McGill
BC Cancer Agency
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Changing jobs and looking for work

Ms. Maureen Parkinson, Vocational Rehabilitation Counsellor, M.Ed. C.C.R.C, BC Cancer

Ms. Maureen Parkinson is the province-wide vocational rehabilitation counsellor at the BC Cancer Agency. She has also been vocational rehabilitation counsellor at a public rehabilitation hospital and vocational rehabilitation consultant to insurance companies and the court system. She has instructed and facilitated Service-Canada-funded programs on job searching and career exploration. Ms. Parkinson has a Masters in Counselling Psychology, is a Canadian Certified Rehabilitation Counsellor, and completed the Certified Return to Work Coordinator Program through the National Institute for Disability Management and Research. She has developed return-to-work and job-search seminars for cancer patients and created the guidebook “Cancer and Returning to Work: A Practical Guide for Cancer Patients” as well as on-line articles about returning to work and school. She also co-authored a paper commissioned by the Canadian Association of Psychosocial Oncology, “Cancer and Work: A Canadian Perspective”.

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Dr. Christine Maheu, RN, PhD

Dr. Christine Maheu is an Associate Professor in the Ingram School of Nursing, Faculty of Medicine, McGill University. Dr. Maheu is also an Affiliate Scientist at the University Health Network and the University of Toronto. At McGill University, she teaches research methods, supervises graduate students (masters, doctoral, post-doctoral), mentors practicing nurses and students in research, and conducts research in English and French. She has held research awards with the Canadian Institutes of Health Research, the Canadian Cancer Society, and the Canadian Partnership Against Cancer. These awards funded her research in psychosocial oncology, which focuses on developing and testing psychosocial interventions or measurements tools for various cancer populations. Additionally, in partnership with Ipsos Canada and funded by the Canadian Partnership Against Cancer, she is co-leading a nationwide survey of the needs of cancer patients for transition care from the end of their treatment to three years after their diagnosis. Dr. Maheu received awards for excellence in nursing research (2013, 2015, 2016) from Ovarian Cancer Canada, the Canadian Association of Nurses in Oncology, and the Quebec Association of Nurses in Oncology.

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Dr. Margaret Oldfield, M.E.Des., PhD

Dr. Margaret Oldfield is a social scientist and the postdoctoral scholar on the Cancerandwork.ca project. Her pre-doctoral career encompassed the fields of social policy, education, employment, disability rights, women’s issues, and community health. She received a PhD in Rehabilitation Science from University of Toronto in 2015 and a Certificate of Advanced Training in Qualitative Health Research Methodology. Her dissertation explored how women with fibromyalgia, a chronic illness, stayed at work. Dr. Oldfield’s research interests include workplace disclosure, discrimination against employees with chronic illnesses, factors other than illness that push these employees out of the workforce, and alternatives to workplace accommodations that do not require disclosing difference. She also is a writer, an academic editor at Ryerson University, and a collaborator with the Centre for Research on Work Disability Policy.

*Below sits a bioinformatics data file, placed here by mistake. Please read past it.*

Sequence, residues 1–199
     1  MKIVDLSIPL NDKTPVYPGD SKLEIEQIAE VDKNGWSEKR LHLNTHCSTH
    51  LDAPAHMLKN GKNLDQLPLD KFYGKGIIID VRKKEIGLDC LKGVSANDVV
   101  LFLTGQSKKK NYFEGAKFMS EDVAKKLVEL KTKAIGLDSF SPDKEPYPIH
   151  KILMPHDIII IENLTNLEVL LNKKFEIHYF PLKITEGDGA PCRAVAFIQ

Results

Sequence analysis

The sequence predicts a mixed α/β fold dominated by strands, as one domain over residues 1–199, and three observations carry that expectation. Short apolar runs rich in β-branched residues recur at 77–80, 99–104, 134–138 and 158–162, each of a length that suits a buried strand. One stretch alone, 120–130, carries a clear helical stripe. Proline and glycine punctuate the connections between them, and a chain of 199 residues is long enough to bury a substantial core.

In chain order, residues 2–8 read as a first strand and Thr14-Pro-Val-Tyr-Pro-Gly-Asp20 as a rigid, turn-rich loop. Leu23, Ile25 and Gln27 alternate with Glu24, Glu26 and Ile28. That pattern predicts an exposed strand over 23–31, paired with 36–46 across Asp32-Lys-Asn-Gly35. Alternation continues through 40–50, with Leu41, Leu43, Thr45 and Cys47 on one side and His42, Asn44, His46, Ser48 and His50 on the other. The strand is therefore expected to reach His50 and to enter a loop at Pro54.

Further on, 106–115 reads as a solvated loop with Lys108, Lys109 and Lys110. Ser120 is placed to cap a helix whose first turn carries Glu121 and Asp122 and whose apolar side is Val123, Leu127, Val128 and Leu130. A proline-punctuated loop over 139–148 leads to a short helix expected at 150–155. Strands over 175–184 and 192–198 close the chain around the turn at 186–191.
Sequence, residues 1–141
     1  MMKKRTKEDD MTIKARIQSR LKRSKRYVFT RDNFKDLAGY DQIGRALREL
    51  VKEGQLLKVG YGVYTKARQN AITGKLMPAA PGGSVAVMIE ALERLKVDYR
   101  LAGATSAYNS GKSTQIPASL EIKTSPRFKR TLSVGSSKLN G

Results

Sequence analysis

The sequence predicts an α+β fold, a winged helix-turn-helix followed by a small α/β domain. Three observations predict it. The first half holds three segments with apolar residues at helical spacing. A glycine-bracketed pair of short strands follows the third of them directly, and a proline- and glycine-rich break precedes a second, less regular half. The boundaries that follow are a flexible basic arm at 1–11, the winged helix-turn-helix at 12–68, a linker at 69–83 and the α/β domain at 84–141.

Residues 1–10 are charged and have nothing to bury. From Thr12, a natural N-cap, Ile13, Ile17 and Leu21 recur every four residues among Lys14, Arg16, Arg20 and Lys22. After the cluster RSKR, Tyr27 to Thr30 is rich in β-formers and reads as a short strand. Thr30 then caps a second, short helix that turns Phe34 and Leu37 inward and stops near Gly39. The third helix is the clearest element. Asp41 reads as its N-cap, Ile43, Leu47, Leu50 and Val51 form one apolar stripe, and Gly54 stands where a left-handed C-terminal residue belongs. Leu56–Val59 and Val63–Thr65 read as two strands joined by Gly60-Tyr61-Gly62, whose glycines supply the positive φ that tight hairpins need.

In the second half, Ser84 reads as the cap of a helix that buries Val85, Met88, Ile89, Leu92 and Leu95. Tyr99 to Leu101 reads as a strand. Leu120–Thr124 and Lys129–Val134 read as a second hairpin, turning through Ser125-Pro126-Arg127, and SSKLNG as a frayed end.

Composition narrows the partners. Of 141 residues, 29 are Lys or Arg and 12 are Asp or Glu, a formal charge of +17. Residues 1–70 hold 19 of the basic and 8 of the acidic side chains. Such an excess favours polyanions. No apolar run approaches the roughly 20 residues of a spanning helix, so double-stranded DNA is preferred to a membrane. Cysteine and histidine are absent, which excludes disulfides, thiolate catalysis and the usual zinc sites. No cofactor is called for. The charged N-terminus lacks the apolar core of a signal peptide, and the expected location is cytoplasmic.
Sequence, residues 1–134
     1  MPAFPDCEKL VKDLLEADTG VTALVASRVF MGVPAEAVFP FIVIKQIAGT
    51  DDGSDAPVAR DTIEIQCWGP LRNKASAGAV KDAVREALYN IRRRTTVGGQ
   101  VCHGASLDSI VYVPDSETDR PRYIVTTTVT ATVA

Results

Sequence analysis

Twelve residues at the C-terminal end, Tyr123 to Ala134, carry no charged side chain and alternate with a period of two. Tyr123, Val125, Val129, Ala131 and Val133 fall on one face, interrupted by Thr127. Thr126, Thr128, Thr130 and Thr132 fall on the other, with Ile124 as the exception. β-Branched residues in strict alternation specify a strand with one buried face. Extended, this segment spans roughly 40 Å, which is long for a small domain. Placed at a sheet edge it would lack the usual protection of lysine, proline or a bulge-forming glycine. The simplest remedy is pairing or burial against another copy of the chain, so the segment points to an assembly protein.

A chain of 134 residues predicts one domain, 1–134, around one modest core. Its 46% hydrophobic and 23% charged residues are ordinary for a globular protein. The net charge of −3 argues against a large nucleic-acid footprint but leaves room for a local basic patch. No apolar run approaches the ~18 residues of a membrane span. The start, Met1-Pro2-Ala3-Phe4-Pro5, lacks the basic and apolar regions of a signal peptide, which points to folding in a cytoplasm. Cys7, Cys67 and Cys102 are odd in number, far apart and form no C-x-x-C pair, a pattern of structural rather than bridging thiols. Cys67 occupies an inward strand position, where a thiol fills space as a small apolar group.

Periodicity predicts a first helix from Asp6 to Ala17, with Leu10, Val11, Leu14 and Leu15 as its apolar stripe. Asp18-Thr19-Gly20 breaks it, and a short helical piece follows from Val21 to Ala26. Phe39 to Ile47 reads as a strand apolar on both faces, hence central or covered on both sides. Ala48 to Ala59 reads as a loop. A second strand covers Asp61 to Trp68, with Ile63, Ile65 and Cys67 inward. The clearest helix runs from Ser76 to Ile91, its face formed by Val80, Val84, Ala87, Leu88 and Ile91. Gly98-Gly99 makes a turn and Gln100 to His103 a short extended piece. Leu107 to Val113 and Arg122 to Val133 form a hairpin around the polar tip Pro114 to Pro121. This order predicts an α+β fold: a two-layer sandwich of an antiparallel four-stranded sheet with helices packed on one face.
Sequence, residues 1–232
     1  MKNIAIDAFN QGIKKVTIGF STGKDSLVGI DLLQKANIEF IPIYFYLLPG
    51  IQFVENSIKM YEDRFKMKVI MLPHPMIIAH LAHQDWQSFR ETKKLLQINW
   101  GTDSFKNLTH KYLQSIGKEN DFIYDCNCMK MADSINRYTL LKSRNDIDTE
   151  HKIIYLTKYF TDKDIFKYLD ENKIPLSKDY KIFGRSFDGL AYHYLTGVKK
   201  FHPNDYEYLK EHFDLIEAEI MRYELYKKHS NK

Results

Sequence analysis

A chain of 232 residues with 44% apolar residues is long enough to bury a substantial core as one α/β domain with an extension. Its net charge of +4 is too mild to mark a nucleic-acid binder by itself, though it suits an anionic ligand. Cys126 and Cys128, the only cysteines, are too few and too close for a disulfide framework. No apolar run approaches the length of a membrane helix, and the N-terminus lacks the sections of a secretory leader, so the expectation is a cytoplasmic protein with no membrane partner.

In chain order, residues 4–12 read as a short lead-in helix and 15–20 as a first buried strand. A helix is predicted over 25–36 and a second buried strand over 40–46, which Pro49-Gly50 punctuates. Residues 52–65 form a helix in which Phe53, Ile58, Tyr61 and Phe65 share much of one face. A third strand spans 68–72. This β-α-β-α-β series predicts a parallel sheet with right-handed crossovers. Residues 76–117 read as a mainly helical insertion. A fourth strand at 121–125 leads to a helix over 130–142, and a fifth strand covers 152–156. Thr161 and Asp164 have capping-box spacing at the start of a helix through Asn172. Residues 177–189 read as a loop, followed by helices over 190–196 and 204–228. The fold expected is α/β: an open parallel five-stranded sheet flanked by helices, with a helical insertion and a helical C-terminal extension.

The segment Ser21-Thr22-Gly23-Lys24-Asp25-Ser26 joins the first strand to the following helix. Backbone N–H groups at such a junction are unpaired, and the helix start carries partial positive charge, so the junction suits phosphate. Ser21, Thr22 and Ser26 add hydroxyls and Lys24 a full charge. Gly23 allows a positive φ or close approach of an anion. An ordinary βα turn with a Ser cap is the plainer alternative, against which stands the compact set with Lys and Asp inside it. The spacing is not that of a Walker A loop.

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There is no question that having cancer changes how survivors view their lives. This often includes thinking through how they work, if they want to work at the same job or in the same career, even if they want to work at all.

It can be difficult to change jobs for several reasons:

  • It might take too long to reach the individual’s current pay level in a new job.
  • Retraining for a different job might take a lot of time and money.
  • Many cancer survivors are older workers and may not want to invest in extensive retraining.
  • They might lose employee benefits and human rights support if they leave their previous workplace.
  • Proving yourself in a new job may take too much effort.

Survivors might want to return to their former jobs gradually while they:

  • consider and shift to parts of the job are more rewarding
  • explore other careers in their current workplace
  • explore jobs at other workplaces
  • take courses to prepare for a career change

Some cancer survivors may be certain they want to change jobs or it may not be possible to return to a previous job because, when the survivor is ready to return, the job has changed or disappeared.

For some, cancer or side effects of treatment may make it difficult to do the previous job, or any job, without learning new skills or getting more education. Survivors who were not working when diagnosed with cancer may need to look for work or undergo training to prepare for a job search. Other survivors may consider retiring.

Healthcare providers play an integral role in helping survivors who feel reluctant to return to their former job or want to find a new job. Ways to help include:

  • assessing and addressing any medical, psychological, social or functional barriers to work
  • counselling survivors who are working through reluctance or barriers to work
  • providing or referring survivors to vocational rehabilitation counselling
  • arranging work capacity assessments to inform survivors’ career choices
  • referring survivors to employment resources, such as job search, career planning services and job placement

This section offers ideas and resources to help the patients change jobs at the workplace, explore a new career, or things to consider if they want to retire.